of numbers (cf. imaginary, irrational, illegal) - our new friend prime p outlaw
is not required.
I propose that the function to initialize and generate DH parameters is split
into two functions.
First, init_dh_param() should be used only for OR to OR DH setup and
communication. Secondly, it it proposed that we create a new function
init_tls_dh_param() that will have a two stage development process.
The first stage init_tls_dh_param() will use the same prime that Apache2.x 
sends (or â??dh1024_apache_pâ??) and this change should be made immediately. This
is a known good and safe prime number that is currently not known to be
The second stage init_tls_dh_param() should randomly generate a new hard to
outlaw or filter prime p (â??evasive prime pâ??) on a regular basis; this should be
added to the 0.2.3.x branch of Tor. This prime can be generated at setup or
execution time and probably does not need to be stored on disk. Evasive prime p
only needs to be generated by Tor relays as Tor clients will never send it. It
should absolutely not be shared between different Tor relays nor should it ever
be static after the 0.2.3.x release.
As a security precaution, care must be taken to ensure that we do not generate
weak primes or known filtered primes. Both weak and filtered primes will
undermine the TLS connection security properties. OpenSSH solves this issue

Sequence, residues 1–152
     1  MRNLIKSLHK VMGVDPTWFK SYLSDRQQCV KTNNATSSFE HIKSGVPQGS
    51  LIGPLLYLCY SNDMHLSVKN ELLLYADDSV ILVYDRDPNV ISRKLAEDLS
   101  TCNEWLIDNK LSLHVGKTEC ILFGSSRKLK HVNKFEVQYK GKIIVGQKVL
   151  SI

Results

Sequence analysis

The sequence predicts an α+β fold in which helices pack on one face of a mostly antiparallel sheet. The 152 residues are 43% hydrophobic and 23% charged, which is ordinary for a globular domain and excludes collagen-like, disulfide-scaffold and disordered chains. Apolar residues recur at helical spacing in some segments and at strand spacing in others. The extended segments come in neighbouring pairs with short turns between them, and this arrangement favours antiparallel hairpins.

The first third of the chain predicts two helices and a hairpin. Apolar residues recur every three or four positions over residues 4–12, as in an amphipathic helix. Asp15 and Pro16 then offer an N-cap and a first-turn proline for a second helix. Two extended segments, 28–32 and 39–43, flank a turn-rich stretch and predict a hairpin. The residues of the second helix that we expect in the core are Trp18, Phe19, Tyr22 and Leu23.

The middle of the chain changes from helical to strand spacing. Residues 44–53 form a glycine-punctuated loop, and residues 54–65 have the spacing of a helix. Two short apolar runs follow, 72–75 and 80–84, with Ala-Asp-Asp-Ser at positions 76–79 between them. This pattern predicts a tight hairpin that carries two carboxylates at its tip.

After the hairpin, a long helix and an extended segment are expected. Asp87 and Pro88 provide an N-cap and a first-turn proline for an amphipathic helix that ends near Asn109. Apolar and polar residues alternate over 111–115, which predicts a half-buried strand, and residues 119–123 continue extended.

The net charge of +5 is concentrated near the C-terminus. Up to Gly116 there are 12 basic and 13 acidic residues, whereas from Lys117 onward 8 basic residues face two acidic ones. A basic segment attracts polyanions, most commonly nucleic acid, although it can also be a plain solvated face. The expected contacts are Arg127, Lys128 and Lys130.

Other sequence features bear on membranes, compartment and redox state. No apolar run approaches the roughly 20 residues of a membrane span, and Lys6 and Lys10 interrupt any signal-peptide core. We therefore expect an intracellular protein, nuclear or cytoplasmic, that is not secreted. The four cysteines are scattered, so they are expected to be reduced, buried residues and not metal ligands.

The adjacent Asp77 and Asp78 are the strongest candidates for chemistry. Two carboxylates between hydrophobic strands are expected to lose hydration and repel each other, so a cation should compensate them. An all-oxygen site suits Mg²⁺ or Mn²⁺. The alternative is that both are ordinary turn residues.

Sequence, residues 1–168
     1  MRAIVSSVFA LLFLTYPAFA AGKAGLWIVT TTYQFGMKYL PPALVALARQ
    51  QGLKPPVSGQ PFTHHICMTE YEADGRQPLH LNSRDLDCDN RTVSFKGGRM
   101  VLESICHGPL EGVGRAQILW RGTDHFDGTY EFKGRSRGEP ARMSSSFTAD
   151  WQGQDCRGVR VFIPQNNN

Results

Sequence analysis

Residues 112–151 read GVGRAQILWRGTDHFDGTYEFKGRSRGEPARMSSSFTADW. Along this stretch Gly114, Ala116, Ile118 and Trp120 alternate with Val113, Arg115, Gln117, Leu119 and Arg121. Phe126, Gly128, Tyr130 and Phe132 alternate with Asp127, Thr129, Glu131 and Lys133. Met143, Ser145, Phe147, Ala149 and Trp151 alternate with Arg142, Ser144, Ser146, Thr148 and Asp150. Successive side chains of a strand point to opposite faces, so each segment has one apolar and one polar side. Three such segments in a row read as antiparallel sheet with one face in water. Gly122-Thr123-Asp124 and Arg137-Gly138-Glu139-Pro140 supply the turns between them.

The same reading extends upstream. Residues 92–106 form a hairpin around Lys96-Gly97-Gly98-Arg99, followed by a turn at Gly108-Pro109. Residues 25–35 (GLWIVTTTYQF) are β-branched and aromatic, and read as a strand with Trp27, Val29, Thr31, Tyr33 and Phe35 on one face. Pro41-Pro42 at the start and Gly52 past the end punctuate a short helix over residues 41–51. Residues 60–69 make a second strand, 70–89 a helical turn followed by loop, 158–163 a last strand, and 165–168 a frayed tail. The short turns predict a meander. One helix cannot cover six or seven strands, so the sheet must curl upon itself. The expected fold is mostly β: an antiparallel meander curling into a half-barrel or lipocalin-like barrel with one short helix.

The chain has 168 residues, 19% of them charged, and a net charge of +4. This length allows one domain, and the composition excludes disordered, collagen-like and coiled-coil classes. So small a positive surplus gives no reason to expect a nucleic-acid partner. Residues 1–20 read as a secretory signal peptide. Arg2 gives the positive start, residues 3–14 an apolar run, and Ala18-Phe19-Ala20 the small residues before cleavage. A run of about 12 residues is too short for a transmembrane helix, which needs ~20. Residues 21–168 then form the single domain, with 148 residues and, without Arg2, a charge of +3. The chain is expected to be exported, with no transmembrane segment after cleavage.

dynamically in RFC 4419  and may provide a solution that works reasonably
well for Tor. More research in this area including Millerâ??Rabin primality tests
will need to be analyzed and probably added to Tor.
Practical key size
Currently we use 1024 bit RSA keys. I propose that we increase the RSA key size
to 1280 or to 2048 as an additional covert channel to signal support for the V3
handshake setup. 2048 is likely a more common certificate size and also
provides a reasonable security boost with regard to key security properties.
The implementer should choose a key size that is common and meaningfully above
Possible future filtering nightmares
At some point it may cost effective or politically feasible for a network
filter to simply block all signed or unsigned certificates without a known
valid CA trust chain. This will break many applications on the internet and
hopefully, our option for custom certificates will ensure that this step is
simply avoided by the censors. Appendix: Other issues
What other obvious TLS certificate issues exist? What other static values are
present in the Tor TLS setup?